Drawing inspiration from the folk, classical and rock genres, Julia Wolfe’s music is distinguished by an intense physicality and relentless power that push performers to extremes and demand attention from the audience. A finalist for the 2010 Pulitzer Prize for her evening-length Steel Hammer, written for the Bang on a Can All-Stars and Trio Mediaeval, Wolfe’s music brings a modern sensibility to each genre while simultaneously tearing down the walls between them. Her music has been heard at the Brooklyn Academy of Music, the Sydney Olympic Arts Festival, Settembre Musica (Italy), Theatre de la Ville (Paris), Lincoln Center and Carnegie Hall, and has been recorded on Cantaloupe, Teldec, Point/Universal, Sony Classical and Argo/Decca. Wolfe has been a recipient of numerous grants, including awards from the American Academy of Arts and Letters, the Foundation for Contemporary Performance Art, and a Fulbright to The Netherlands. Wolfe joined the New York University Steinhardt School’s composition faculty in 2009.
Wolfe is co-founder and co-artistic director of New York’s legendary music collective Bang on a Can. Gordon joined fellow Bang on a Can founders Michael Gordon and David Lang for a symposium at The Pew Center for Arts & Heritage in June 2009. The three composers spoke about their work as composers, impresarios, and entrepreneurs, and shared recorded examples of their music. Together, they also curated the first Philadelphia iteration of the Bang on a Can marathon, funded by the Center and presented by FringeArts in September 2010. Wolfe has also written a new 45-minute, multi-movement, hybrid choral work, Anthracite Fields, commissioned by the Mendelssohn Club of Philadelphia with support from the Center. Premiered in April 2014, the new work draws inspiration from Anglo-American folk music and stories around coal mining communities in Pennsylvania, Wolfe’s home state. Wolfe has researched folk stories, traditional mining songs, and personal tales from the chorus and community at large, involving audiences directly in the creation of the work.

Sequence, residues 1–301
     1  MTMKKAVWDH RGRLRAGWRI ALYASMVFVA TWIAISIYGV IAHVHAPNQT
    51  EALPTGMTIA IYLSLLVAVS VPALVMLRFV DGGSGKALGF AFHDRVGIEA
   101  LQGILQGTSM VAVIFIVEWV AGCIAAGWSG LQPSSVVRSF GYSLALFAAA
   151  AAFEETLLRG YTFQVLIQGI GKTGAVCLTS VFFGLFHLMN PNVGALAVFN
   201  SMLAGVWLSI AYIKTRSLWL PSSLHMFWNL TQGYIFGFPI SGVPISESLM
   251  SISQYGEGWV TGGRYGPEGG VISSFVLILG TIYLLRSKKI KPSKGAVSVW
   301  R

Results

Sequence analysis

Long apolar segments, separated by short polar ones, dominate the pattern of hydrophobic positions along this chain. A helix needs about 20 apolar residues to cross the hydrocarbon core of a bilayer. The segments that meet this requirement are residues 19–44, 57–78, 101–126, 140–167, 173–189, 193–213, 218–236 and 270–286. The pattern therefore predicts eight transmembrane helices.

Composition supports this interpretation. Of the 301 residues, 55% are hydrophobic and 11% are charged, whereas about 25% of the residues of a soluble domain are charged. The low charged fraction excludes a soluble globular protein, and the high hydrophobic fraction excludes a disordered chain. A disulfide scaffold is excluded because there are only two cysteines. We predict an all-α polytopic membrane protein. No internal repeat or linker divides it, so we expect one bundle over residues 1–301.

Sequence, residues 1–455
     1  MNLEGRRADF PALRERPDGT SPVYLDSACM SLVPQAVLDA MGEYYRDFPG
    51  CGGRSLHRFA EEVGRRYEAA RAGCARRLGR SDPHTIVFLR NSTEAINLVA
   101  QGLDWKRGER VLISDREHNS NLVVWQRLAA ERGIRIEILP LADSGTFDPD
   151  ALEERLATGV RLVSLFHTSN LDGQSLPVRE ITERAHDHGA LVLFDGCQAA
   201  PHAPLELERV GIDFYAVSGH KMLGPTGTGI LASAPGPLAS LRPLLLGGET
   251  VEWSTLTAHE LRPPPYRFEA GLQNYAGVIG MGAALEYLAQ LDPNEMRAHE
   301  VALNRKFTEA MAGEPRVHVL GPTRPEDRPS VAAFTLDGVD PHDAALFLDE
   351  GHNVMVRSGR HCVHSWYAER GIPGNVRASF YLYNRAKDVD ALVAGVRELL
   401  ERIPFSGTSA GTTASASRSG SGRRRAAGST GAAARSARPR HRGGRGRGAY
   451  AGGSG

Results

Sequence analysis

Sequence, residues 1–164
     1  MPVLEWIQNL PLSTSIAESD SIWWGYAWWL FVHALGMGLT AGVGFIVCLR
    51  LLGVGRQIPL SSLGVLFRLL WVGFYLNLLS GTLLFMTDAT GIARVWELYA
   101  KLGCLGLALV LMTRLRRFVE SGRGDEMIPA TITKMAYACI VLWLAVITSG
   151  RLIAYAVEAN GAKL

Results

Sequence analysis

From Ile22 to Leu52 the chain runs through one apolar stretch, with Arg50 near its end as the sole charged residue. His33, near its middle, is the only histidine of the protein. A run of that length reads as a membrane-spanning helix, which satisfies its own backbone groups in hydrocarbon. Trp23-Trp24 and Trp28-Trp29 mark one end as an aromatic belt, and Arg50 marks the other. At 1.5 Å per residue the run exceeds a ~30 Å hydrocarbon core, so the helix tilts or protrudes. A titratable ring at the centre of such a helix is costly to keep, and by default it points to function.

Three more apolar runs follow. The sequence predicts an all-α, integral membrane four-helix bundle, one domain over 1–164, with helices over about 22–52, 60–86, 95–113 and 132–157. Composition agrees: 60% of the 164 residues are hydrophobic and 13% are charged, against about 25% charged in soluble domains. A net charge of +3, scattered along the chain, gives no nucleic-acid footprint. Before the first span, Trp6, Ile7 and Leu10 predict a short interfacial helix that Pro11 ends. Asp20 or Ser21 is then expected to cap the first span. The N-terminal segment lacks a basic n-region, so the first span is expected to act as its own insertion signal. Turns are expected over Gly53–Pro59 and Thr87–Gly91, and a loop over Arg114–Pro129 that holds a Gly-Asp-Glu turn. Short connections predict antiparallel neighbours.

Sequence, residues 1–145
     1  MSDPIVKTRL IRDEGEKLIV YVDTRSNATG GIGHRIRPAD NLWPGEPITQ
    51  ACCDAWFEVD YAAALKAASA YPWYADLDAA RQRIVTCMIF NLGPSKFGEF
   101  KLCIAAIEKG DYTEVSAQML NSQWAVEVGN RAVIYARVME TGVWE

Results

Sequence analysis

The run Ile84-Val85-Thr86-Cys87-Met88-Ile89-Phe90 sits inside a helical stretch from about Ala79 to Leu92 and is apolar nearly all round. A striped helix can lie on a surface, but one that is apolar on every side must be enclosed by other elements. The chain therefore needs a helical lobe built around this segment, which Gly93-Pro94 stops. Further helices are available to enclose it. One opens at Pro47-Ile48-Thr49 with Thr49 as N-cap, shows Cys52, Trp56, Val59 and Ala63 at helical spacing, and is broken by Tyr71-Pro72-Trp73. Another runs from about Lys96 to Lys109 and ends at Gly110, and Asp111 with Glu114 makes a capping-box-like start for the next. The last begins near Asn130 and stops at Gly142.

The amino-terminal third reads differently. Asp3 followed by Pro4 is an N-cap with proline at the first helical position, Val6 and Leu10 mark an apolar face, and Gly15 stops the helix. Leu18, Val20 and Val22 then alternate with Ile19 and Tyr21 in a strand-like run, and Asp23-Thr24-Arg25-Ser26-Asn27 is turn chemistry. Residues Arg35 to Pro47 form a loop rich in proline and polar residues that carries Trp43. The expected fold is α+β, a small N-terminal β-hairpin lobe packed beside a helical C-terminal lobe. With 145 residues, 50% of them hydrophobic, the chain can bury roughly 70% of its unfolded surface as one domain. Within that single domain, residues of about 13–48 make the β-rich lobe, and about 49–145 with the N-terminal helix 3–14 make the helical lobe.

The finale concert of the Mann Center’s Philadelphia Freedom Festival, “Gospel Meets Symphony,” has received widespread media attention.
Judith E. Stein is a writer, curator, and a 1994 Pew Fellow.
We speak with Xavier—2013 Pew Fellow, hip-hop dancer, and Post-it aficionado—whose recent work The Unofficial Guide to Audience Watching Performance was hailed by Dance Magazine as “artful and mesmerizing.”
Rainey is a 2013 Pew Fellow, a soprano saxophonist and composer, one half of improvisational duo nmperign, and leader of the BSC, an eight-member ensemble that uses both acoustic and electronic instruments.
Crossroads Music presented a 24-hour marathon concert of Hindustani (North Indian classical) music, featuring leading musicians from India and the United States.
Chris Madak bridges (Pew Fellow, 2015) drone and contemporary experimental electronic music, demonstrating a refined and subtle, yet accessible, musical voice.
Center-supported performance projects and exhibitions continue to have successful presentations after their initial premieres in our region.
A music and movement performance that will offer audiences a distinctive interpretation of Miguel de Cervantes’ four-century-old classic, Don Quixote.
Four artists of Arab heritage will come together in an international collaboration to create new poetry, music, and visual art works grappling with notions of displacement.
Sanford Biggers’ art frequently references African American ethnography, hip-hop music, Buddhism, African spirituality, Indo-European Vodoun, Jazz, Afrofuturism, urban culture, and icons from Americana.
Vincent D. Feldman is a visual artist and a 2001 Pew Fellow.
Glen Weldon is a writer and a 1994 Pew Fellow.